You think you know someone after 19 years. Their little nuances. What makes them tick.
Then someone comes along and turns your relationship on its ear.
Serena Bartlett’s book, “Oakland — the Soul of the City Next Door” — has made me look at my town in a whole new light. She’s keyed into some places I’ve never tried, like Temescal Café and its Wednesday night comedy, with no cover charge. And World Cup Coffee Tamales, a strangely named spot in the Fruitvale where the owner makes her tamales from scratch on the back patio. And Bakesale Betty, a Telegraph-at-51st favorite with its rich lemon bars and tangy rhubarb pie.
OK, so maybe I don’t get out enough. This book makes me want to explore all the clubs and cafés and museums and parks in my city, all over again. It’s a neat little guide to dozens of cool, one-of-a-kind, locally owned businesses in the neighborhoods that make up Oakland.
Bartlett’s urban eco-travel guide captures the spirit of my town and reminds me that my old friend is changing. Lest the relationship get stale, I’d better change too. You can find out more about “Oakland – the Soul of the City Next Door” on the Web at www.grassroutestravel.com.
BARGAIN THEATRE: Fairy tales never get old. Especially if they’re brought to life with a great local cast of actors and musicians. The East Bay Children’s Theatre is putting on a production of “Rumplestilskin” on March 24 and March 31 at the Oakland Museum. Who amongst us hasn’t wished for a little gnome to spin straw into gold? Seeing this play is the next best thing. Tickets are just $7 and can be purchased by calling 510-655-7285.
WATERSHED MOMENT: Happy anniversary to the Friends of Sausal Creek. They’re celebrating 10 years of protecting this pretty little water way that runs from the hills to the bay. Hills resident Wendy Tokuda will emcee a party from 4 to 7 p.m. on Saturday at the Joaquin Miller Community Center. Everyone is invited for food, drink, live music and a silent auction. For tickets, call 510-501-3672.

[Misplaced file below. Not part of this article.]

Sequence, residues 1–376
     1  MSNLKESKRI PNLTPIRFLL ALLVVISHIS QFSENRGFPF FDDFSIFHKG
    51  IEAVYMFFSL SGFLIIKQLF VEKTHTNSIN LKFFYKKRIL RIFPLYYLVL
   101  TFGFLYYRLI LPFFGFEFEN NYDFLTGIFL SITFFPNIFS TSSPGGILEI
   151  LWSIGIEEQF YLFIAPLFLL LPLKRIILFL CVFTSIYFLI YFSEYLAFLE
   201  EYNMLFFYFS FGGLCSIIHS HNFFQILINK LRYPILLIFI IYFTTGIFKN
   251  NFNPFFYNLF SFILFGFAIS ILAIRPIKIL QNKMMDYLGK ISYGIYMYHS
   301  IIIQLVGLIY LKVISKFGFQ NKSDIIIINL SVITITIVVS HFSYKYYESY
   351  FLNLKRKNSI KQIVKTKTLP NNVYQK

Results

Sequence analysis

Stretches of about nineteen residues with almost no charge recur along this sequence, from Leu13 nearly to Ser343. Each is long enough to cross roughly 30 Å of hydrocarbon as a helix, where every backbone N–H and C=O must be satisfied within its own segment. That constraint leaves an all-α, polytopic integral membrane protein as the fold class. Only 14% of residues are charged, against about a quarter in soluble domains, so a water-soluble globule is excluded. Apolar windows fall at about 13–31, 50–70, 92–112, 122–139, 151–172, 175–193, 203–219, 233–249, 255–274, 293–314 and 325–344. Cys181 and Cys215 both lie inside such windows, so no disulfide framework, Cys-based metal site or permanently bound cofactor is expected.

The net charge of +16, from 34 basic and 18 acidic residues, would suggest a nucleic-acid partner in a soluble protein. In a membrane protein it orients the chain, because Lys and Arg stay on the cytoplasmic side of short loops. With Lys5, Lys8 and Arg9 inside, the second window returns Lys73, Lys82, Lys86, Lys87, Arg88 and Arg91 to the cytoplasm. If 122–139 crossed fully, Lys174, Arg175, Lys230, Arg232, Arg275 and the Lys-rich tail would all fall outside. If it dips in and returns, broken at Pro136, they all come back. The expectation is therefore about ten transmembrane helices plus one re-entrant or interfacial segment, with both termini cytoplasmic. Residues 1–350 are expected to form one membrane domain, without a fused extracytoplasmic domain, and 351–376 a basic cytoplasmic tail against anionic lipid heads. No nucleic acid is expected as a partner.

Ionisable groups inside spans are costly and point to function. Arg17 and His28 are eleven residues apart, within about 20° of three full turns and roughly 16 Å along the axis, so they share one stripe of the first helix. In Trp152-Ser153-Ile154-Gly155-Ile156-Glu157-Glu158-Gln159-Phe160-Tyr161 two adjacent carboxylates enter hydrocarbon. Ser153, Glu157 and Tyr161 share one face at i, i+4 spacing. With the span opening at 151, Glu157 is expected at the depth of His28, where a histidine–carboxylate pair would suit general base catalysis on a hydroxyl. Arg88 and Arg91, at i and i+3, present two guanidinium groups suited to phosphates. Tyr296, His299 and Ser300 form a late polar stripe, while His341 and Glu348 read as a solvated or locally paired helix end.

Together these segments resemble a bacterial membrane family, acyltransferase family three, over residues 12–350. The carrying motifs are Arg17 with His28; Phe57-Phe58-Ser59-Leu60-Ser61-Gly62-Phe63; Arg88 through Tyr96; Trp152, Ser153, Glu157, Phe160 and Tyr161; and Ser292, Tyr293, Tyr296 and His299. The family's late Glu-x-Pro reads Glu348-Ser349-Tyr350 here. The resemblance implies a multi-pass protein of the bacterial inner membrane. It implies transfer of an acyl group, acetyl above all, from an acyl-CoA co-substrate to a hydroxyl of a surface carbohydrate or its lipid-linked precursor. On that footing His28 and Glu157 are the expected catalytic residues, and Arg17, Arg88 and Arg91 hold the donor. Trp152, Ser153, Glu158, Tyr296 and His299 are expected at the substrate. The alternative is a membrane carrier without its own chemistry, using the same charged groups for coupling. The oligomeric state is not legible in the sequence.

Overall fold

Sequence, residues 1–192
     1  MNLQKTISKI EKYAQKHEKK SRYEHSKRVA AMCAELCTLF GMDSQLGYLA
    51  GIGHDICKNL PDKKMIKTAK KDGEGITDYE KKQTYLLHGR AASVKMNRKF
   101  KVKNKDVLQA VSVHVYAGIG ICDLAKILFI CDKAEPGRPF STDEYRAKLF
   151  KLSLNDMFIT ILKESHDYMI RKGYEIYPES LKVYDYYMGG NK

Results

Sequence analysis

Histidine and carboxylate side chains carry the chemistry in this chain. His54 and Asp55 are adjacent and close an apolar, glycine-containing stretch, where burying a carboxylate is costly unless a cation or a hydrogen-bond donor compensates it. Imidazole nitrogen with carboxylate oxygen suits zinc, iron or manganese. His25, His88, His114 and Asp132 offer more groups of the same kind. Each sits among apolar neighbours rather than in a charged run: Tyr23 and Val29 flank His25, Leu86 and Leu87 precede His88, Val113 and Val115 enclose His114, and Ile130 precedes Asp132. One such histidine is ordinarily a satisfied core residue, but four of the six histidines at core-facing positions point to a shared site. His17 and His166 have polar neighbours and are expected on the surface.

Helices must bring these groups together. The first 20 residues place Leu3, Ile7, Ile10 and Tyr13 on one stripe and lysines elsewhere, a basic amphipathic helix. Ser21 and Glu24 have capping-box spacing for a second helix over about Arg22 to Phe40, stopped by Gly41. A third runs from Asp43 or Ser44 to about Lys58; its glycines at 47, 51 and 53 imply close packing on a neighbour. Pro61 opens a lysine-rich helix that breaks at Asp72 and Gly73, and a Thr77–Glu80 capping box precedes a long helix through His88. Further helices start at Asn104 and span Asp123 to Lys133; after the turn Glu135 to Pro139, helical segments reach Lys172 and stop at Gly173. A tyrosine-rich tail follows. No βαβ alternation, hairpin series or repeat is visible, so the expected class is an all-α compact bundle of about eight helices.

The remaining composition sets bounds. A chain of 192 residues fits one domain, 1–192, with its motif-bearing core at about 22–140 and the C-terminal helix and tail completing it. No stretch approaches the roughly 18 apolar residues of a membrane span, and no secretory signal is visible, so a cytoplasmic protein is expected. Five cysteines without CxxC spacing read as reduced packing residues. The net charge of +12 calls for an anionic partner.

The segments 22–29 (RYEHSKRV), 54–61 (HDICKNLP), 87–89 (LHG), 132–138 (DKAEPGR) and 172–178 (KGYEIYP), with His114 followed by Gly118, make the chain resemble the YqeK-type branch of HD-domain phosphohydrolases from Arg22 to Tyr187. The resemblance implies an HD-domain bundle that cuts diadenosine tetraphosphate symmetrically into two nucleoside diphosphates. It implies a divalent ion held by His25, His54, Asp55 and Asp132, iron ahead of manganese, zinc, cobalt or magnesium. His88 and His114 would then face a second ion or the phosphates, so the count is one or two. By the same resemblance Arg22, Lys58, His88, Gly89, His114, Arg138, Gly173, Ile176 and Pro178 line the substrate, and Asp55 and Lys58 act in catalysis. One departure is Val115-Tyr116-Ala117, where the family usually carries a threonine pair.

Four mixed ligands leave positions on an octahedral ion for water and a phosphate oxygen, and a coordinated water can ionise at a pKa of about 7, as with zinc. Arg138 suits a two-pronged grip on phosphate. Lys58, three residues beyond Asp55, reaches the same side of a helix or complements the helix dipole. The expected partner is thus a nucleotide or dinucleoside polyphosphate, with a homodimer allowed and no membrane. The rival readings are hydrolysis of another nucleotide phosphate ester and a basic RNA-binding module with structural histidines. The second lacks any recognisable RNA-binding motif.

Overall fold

E-MAIL BAG: After my piece on mice that make nests under car hoods, Diane Savage wrote to tell about a friend whose car was acting funny: “They opened the hood and there was, not a cute little mouse, but a great big rat!”
She says the bill ended up being a few hundred dollars but the mechanic told her they get at least one rodent repair a day, and some poor sucker had $10,000 in damage. Bet he said more than “rats!”
TURKEY TIME: Wild turkeys are turning up in the hills again. They’ve been seen strutting their stuff along Skyline Boulevard and roosting on a roof on Villanova. Rick Ellis says he saw four of the Thanksgiving favorites land atop a neighbor’s house a few days ago.
“They stayed there for quite a while and then flew over to another roof,” he told me, excited to have seen the wild birds so close. Close enough, I’m guessing, for a birds-eye view.